Several years ago, I began reading a series of detective mysteries by Louise Penny. The main character is Inspector Armand Gamache, an older, experienced police detective who is nearing the end of his career and is spending his final years mentoring newer, younger detectives. These are what we call his “legacy years” – the final few years of his career when he is still working, but also leaning heavily into imparting his wisdom and training up the next generation.
I was particularly struck by Gamache’s “four statements” lesson. He says there are four things that lead to wisdom - four statements that you need to learn to say and to mean.
I don’t know.
I need help.
I was wrong.
Billy and I were listening to a podcast this morning and the podcasters quoted these four statements. The hosts were discussing what it takes to build character, and they referenced the statements from Gamache as integral skills to showing maturity in character.
As Billy and I were listening and talking through this, we reflected on our lives and work as cross-cultural workers. The ability to lean into these statements is in direct correlation to a CCW’s ability to be a humble learner in another culture. We are now entering our legacy years, the final 10 or so years when we are leaning heavily into training others, mentoring, coaching the next generation of cross-cultural workers, and focusing on leadership development. One
of the biggest values that we want to see in CCWs is that they are humble learners – that they can enter a culture or a relationship with humility and with the posture of a learner. The ability to always see that there is something more to be learned in any given situation is critical, and the humility to admit that we are not the experts, we don’t have all the answers, and we have so much to discover and learn from others and their stories.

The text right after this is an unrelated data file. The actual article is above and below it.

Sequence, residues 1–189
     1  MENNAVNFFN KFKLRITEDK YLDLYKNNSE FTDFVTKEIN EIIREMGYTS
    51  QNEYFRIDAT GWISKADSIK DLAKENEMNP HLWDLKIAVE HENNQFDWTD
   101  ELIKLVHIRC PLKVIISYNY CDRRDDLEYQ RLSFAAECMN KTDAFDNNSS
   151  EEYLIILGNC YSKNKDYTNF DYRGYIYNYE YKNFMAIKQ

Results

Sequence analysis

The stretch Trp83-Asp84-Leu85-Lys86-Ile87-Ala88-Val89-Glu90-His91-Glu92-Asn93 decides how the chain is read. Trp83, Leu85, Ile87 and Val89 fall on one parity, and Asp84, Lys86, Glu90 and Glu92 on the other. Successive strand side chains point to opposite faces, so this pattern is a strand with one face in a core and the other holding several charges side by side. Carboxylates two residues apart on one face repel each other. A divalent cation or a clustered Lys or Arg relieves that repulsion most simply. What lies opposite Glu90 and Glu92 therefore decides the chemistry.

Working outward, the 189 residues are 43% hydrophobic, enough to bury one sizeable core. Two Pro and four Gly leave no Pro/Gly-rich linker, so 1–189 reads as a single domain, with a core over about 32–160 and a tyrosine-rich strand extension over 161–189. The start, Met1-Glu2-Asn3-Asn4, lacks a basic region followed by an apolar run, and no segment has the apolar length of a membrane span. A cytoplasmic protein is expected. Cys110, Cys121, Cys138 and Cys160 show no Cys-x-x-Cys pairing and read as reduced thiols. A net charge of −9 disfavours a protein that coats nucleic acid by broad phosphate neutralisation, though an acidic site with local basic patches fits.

The hard part is that we come from a culture that values knowledge, that rewards independence and a can-do attitude, and we are a culture that is accustomed to being the helper or the teacher, not the other way around. All of those are good qualities and they’re part of what makes America the powerhouse that it is in the world. But it’s also what associates America with power, and that sometimes hinders us from being able to build good relationships and go deep with people in other cultures. When we are seen as (or perceived as) always right or independent or people who have lots of knowledge and power, we are not seen as vulnerable or broken or in need of help or guidance. That attitude actually separates us from our neighbors.
It also separates us from The Gospel.
When we can be humble learners and more ‘real’ to our neighbors, we can begin to break down to perceptions and barriers. When I can feel free to make mistakes in my Spanish, I am showing my neighbors that I am not perfect. When I ask for help and admit that I don’t know how to do something, I’m showing that I don’t know everything (sometimes even the simplest things in this culture like how to pay a particular bill or cook a typical food). When I ask for help, I’m also honoring the other person with a statement of my own vulnerability and a statement of trust in their knowledge and ability to teach me.